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Monday, June 05, 2006

To'abaita USP Journalism student attend SeaWeb Environmental Seminar

An environmental course organised by the United States­ based group SeaWeb has been an eye-opener for two University of the South Pacific journalism students.

Ruth Ramoifuila from North Malaita in the Solomon Islands and Paulus Mane of Papua New Guinea attended the SeaWeb lectures in Suva along with members of the mainstream media.

Journalism students Mr Paulus Mane and Ms Ruth Ramoifuila

In a presentation to her fellow students on the course, Ms Ramoifuila said the lectures gave her a deeper understanding about the perilous situation of sea turtles.

“It takes a female turtle 50 years before she is able to mate and produce eggs. And when the nesting season is over, the female turtle may not mate again for another three to six years,’’ she said.

According to Ms Ramoifuila said it was not enough to tell people to stop eating endangered turtles but to have more active grassroots campaigns explaining, among other things, turtle lifecycles. The need to conserve will then be better understood.

Ms Ramoifuila, who comes from a coastal village in To'abaita (Taba'a Village), said catching and eating turtles was embedded in their culture. She said turtles were being harvested more frequently for local consumption, traditional and commercial purposes.

The fact that turtles are part of the Pacific Islands cultural heritage is being used in conservation efforts with people being told that they would lose this icon forever if they continued to wantonly target endangered species, Ms Ramoifuila said.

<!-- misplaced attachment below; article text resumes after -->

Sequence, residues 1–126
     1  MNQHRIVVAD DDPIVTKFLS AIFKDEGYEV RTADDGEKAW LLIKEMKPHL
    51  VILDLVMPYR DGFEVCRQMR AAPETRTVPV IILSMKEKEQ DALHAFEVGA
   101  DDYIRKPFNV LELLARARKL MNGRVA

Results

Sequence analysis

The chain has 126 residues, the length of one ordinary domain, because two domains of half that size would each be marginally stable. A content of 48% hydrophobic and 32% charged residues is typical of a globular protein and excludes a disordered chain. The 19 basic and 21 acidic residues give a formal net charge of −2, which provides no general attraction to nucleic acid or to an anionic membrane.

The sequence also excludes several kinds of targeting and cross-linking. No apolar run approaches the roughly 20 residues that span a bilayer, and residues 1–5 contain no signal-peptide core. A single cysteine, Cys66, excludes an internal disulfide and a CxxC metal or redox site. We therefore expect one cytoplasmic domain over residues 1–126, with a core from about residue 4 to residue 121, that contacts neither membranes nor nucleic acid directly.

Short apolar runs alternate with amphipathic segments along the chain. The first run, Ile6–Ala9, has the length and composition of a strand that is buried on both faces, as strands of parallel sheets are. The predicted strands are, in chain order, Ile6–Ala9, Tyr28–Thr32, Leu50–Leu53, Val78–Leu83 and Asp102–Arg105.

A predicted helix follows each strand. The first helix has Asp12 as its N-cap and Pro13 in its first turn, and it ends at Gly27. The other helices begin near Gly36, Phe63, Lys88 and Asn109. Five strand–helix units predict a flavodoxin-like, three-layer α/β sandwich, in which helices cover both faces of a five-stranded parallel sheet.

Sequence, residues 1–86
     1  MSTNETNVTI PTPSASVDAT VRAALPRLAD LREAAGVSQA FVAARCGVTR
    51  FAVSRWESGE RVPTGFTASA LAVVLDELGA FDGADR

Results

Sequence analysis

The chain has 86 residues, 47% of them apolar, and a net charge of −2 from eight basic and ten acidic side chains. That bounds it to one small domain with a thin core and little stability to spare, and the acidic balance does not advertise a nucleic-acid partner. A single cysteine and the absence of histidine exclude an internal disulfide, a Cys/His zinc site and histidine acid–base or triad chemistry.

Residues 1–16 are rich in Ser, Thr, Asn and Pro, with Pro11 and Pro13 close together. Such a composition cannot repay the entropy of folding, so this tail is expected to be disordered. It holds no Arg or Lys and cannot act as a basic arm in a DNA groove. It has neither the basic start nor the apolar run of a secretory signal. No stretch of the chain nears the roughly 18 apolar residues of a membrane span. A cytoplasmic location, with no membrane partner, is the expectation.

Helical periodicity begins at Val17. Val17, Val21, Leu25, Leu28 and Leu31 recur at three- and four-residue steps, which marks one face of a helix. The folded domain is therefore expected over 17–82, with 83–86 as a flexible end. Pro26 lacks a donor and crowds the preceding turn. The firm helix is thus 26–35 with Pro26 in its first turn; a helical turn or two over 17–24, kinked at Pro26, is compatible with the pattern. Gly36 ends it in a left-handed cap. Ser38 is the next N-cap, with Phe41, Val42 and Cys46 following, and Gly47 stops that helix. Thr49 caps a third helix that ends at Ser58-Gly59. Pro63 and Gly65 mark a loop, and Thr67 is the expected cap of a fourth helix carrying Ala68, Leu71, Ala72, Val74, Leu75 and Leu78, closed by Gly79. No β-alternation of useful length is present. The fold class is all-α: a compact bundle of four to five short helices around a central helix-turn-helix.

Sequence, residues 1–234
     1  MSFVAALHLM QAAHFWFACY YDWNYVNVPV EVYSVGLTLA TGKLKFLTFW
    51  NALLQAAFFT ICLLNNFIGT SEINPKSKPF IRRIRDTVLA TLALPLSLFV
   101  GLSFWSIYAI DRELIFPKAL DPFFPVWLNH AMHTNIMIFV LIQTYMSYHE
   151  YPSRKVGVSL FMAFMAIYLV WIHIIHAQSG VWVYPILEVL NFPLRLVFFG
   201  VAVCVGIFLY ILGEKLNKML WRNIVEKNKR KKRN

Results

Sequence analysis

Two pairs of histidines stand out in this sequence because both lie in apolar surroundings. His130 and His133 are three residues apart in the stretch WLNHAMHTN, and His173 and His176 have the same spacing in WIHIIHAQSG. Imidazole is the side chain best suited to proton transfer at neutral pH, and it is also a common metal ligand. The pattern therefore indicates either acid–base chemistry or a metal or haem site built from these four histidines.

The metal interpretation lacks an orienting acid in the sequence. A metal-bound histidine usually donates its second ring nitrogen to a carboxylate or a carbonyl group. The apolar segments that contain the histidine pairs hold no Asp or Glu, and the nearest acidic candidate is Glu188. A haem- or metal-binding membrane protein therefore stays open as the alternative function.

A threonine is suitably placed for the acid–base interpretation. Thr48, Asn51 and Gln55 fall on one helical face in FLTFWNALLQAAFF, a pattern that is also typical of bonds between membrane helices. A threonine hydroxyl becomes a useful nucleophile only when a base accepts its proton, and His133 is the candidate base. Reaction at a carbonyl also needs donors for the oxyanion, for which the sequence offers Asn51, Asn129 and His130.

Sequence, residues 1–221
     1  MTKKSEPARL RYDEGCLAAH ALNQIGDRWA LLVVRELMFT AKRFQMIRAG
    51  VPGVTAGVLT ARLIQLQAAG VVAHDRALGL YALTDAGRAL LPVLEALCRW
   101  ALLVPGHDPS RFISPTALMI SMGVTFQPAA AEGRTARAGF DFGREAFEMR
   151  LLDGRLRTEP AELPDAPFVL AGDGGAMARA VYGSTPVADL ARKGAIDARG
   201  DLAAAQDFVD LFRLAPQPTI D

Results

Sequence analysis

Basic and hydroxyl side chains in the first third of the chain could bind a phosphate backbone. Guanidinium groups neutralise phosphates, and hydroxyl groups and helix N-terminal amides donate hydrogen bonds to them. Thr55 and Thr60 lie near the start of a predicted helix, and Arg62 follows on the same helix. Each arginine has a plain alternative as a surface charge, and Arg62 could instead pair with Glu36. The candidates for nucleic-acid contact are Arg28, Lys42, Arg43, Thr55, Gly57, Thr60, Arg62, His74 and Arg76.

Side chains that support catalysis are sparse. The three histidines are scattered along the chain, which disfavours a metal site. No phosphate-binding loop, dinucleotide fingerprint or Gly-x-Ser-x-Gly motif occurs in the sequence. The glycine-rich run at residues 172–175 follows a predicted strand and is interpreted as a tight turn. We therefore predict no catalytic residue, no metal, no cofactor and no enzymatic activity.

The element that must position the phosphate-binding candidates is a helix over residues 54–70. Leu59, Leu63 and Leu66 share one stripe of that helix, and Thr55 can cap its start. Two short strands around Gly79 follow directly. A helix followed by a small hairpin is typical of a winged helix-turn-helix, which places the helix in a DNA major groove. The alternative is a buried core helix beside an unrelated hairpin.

USP Journalism Programme Coordinator, Mr Shailendra Singh, said the two students attended the lectures as part of their journalism course.

They are required to write stories for the journalism training newspaper, the website, and hold seminars for the other journalism students and will be assessed on this.

“This part of the Journalism Programme’s effort to inculcate environmental values in students and also broaden their knowledge on the issues,’’ said Mr Singh.

“In this, we are always looking for partnerships with environmental groups such as SeaWeb.’’

The programme’s training newspaper Wansolwara regularly reports on environmental issues.

SeaWeb is a communications-based nonprofit organisation that uses social marketing techniques to advance ocean conservation by creating awareness of endangered marine species in the Pacific Ocean.

The lectures in Suva were part of the Sea Series for journalists in Fiji and Papua New Guinea. The seminars provide members of the media with the foundation of basic science knowledge they need to report on complex ocean stories.

Lecture topics range from fish biology to ecosystem linkages to the climate. Participants hear local ocean experts and explore their research during fieldtrips specially designed to enhance understanding. The course will be held twice a month for six months.

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